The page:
Bylaw 16.6.1.5– An institution may provide the family members of a student-athlete with reasonable food and drinks in conjunction with educational meetings or celebratory events (e.g., senior night) and on an occasional basis for other reasons. [R] ((Adopted: 4/27/00 effective 8/1/00, Revised: 4/25/02 effective 8/1/02, 1/16/10, 1/19/13 effective 8/1/13).  This bylaw was slightly updated with the adoption of RWG Proposal 16-5.

Daily Compliance Item- 2/26/13- 13.6.7.7- Snacks for Siblings on OV

High Post is a prospective student-athlete being recruited by a lot of Division I basketball coaches across the country.  High is going to take an official visit to Ocean State University (OSU) this weekend, and he would like to bring his parents and little brother Low with him.  Low is in first grade and is a huge basketball fan.

The Athletic Director will be hosting High and his family at his house Saturday night for dessert.  Since OSU cannot provide meals for Low, does High’s family have to pay the cost of the dessert for Low?

No.  NCAA Staff Interpretation- 5/8/92- Brother or sister of prospect provided an after-meal snack– states that during an official visit, the sibling of a prospective student-athlete may receive a dessert or after-dinner snack at the home of an institutional staff member (e.g., the director of athletics, coach, faculty member or the institution’s president).

NCAA Bylaw 13.6.7.7– The cost of actual meals, not to exceed three per day, on the official visit for a prospective student-athlete and the prospective student-athlete’s parents, legal guardians, spouse or children need not be included in the $40-per-day entertainment expense. Meals must be comparable to those provided to student-athletes during the academic year. A reasonable snack (e.g., pizza, hamburger) may be provided in addition to the three meals.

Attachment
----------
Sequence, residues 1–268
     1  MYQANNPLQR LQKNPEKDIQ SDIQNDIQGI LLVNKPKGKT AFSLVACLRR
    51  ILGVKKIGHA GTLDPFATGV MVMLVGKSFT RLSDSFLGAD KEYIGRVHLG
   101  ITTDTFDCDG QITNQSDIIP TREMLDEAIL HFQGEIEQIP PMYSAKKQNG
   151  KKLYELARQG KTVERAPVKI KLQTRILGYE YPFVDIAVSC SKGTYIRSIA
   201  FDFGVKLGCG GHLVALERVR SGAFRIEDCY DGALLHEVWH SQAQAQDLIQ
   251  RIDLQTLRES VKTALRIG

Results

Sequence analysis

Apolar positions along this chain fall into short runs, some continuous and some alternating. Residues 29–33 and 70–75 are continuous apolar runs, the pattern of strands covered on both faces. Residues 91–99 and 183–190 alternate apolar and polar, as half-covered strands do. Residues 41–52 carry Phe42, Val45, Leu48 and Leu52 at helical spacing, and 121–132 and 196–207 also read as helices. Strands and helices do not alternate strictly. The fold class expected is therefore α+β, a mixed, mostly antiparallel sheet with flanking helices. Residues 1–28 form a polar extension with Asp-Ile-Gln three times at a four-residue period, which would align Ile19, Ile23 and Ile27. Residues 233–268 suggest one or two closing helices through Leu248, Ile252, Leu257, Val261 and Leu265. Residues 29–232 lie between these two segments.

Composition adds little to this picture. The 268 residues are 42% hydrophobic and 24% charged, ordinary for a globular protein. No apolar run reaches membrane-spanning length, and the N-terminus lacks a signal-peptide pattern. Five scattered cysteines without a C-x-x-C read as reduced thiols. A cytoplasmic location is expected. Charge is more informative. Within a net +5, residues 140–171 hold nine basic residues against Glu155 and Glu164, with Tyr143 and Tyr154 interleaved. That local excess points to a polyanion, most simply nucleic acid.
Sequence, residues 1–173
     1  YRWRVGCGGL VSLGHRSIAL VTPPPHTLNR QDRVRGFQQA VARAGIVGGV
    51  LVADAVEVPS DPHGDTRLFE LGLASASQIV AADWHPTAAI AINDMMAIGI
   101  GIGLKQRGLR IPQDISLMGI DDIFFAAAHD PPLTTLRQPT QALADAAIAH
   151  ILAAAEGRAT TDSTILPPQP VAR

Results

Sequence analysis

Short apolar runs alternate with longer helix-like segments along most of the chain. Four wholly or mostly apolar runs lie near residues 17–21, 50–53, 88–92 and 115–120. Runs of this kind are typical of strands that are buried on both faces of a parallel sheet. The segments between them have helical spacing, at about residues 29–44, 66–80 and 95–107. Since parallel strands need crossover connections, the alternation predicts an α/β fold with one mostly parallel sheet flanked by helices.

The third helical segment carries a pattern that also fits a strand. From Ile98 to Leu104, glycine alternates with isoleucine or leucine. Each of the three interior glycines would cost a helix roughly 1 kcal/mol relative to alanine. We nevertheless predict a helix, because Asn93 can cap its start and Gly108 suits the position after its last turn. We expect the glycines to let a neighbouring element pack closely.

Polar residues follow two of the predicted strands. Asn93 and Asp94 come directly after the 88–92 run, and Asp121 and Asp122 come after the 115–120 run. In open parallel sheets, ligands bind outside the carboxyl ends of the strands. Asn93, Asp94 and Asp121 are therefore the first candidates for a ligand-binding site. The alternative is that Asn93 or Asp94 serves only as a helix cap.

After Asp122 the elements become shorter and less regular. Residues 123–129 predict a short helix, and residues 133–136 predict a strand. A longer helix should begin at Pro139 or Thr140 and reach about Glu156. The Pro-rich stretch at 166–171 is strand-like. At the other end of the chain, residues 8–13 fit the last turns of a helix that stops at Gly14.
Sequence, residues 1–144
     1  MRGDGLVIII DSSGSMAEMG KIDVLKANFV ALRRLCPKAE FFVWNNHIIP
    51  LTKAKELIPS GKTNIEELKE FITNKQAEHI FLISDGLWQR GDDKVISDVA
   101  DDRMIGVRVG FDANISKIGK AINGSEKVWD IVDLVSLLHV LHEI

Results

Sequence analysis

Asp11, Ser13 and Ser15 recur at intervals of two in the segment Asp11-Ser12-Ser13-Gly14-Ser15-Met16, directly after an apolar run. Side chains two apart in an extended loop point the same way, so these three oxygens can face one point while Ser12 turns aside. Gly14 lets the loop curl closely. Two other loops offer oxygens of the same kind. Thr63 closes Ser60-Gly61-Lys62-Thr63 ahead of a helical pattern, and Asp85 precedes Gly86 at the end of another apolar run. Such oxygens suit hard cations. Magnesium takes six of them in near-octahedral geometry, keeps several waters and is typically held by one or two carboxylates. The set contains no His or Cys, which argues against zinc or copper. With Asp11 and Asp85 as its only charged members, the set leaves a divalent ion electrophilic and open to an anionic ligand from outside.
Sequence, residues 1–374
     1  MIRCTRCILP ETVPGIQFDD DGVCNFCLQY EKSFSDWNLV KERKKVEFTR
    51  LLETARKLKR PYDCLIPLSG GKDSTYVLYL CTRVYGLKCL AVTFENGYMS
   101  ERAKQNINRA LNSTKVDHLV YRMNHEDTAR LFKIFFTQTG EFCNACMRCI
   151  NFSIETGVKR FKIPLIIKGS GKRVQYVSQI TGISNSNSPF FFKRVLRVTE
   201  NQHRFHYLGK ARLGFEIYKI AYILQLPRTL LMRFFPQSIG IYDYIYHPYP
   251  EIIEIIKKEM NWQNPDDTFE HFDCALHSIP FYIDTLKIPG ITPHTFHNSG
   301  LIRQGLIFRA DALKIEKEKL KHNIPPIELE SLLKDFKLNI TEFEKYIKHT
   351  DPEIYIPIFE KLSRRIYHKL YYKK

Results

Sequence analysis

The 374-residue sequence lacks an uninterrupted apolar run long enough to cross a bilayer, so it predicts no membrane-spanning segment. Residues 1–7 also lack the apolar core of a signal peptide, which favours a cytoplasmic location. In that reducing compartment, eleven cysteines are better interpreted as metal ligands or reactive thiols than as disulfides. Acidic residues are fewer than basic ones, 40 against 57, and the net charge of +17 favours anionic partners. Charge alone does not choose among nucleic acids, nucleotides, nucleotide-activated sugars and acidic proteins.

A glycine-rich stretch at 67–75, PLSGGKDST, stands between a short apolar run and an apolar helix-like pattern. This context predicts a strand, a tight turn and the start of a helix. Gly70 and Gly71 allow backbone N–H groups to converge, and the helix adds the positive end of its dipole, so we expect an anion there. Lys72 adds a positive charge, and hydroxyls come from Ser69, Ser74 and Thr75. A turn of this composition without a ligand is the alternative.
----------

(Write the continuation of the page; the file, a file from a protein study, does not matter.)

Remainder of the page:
Daily Compliance Item- 2/25/13- 14.3.1.3- Use of Retake SAT Score

Andy Athlete is a freshman student-athlete at Ocean State University.  Andy was certified as a qualifier by the NCAA Eligibility Center at the beginning of the academic year.  During the fall term, Andy’s SAT score was invalidated by SAT officials.  Andy retook the test in December and achieved a high enough score to maintain qualifier status but not high enough to validate the original score.  Can Andy use this re-take score taken after initial full-time enrollment to meet initial eligibility requirements?

No.  NCAA Staff Interpretation- 2/14/13- Use of Retest SAT or ACT Scores for Initial Eligibility (I)- states that if a student-athlete is required to retake the SAT or ACT following initial, full-time collegiate enrollment because the validity of the student-athlete’s qualifying test score achieved prior to enrollment is challenged, the student-athlete would be considered to have satisfied the test-score time limitation if the retest score is high enough to validate the pre-enrollment score. However, if the student-athlete’s score on the postenrollment retest is high enough to be considered a qualifying score but is not high enough to validate the pre-enrollment score, the student-athlete would not be considered to have satisfied the test-score time limitation. Only private retest scores achieved through a standardized examination, administered in accordance with secure procedures set forth by the testing agency (no residual campus testing) may be used to satisfy initial-eligibility requirements. Such a retest is not required to be administered on a national testing date.